History – The Gloria was not created originally for the Mass. It is and heirloom from the treasure of ancient church hymns. Indeed it is a precious remnant of a literature now mostly lost but once certainly very rich. These hymns imitated and borrowed from biblical themes. Indeed they may even be said to take after the tradition established by Mary who proclaimed her Magnificat by borrowing heavily from the biblical themes with which she was so familiar. So too Zacharia in his Benedictus. Few of these early hymns of the Church remain however. One other hymn which does remain is the Te Deum and it, unlike the Gloria has retained its existence apart from the Mass. The roots of the Gloria may be found as early as the 4th Century where a text very close to our present text is found. Likewise another text from the 7th Century is also very close. Again, this hymn was not originally part of the Mass but was probably sung as the Te Deum is today, as a thanksgiving hymn for feasts and celebration. It was sometimes included in the Mass as a hymn as early as the 6th Century and perhaps even earlier by some accounts. But definitely by the 6th Century Pope Symmachus permitted its use on Sundays and feasts of martyrs but only at a mass presided over by a Bishop. Pope Gregory allowed its use at the Easter Mass even if the Celebrant be only a priest. It was not until the 11th Century that the distinction allowing it only for Bishop’s masses was dropped. This was due to continual requests that it be allowed. Today, the Gloria is said at all masses of a festive character outside of penitential seasons.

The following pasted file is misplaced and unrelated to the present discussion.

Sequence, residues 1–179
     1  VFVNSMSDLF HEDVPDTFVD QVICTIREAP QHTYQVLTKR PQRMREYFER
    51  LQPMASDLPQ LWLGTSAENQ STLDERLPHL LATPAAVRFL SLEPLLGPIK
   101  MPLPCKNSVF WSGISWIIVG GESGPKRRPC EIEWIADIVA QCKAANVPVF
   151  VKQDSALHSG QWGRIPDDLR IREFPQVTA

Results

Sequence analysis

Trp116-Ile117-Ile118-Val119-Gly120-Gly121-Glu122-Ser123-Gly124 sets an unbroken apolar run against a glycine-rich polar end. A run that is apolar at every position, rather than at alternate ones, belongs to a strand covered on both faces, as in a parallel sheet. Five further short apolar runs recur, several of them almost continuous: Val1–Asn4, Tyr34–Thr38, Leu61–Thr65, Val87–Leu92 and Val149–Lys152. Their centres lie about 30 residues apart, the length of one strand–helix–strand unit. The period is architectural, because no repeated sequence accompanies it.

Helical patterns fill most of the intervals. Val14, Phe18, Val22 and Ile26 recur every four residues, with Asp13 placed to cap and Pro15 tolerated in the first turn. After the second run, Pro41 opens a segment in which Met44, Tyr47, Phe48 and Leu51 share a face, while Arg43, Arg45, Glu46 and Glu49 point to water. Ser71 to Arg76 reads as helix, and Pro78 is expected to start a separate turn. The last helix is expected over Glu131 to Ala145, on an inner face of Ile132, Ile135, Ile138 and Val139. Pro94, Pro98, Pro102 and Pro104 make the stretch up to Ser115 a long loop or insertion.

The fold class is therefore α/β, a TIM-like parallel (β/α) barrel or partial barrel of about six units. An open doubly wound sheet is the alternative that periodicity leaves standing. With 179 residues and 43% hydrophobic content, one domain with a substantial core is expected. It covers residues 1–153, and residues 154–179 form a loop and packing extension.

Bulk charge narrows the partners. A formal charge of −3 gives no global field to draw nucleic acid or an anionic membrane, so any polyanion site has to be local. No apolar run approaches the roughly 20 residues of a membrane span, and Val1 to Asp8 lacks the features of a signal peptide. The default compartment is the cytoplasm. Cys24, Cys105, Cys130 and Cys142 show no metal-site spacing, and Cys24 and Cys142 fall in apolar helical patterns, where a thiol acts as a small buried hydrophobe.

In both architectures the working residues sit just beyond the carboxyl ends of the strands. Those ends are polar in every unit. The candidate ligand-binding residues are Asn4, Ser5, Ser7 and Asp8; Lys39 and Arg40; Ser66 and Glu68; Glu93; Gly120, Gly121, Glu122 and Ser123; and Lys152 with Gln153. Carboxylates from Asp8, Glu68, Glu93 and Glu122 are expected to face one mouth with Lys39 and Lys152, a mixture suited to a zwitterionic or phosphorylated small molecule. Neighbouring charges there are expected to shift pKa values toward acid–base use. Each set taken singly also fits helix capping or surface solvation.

A full analysis of the hymn could be a course in itself. However suffice it to say that it is understood to be a hymn of praise which is almost ecstatic in quality. This is not as well brought out in the present English translation for use in this country. However, a look at the Latin text (see appendix 2) is helpful. Lastly, it is well that the Gloria be sung if possible. Reciting the Gloria is comes in a very poor second. It is kind of like reciting the National anthem. We just don’t do this because the very festivity and honor of the song requires it be sung. The Gloria is like this. If at all possible it should therefore be sung. However this is not always possible and it ends up being recited. It should at least be recited in a vibrant and pious manner to avoid the possibility of the text becoming wooden and dull.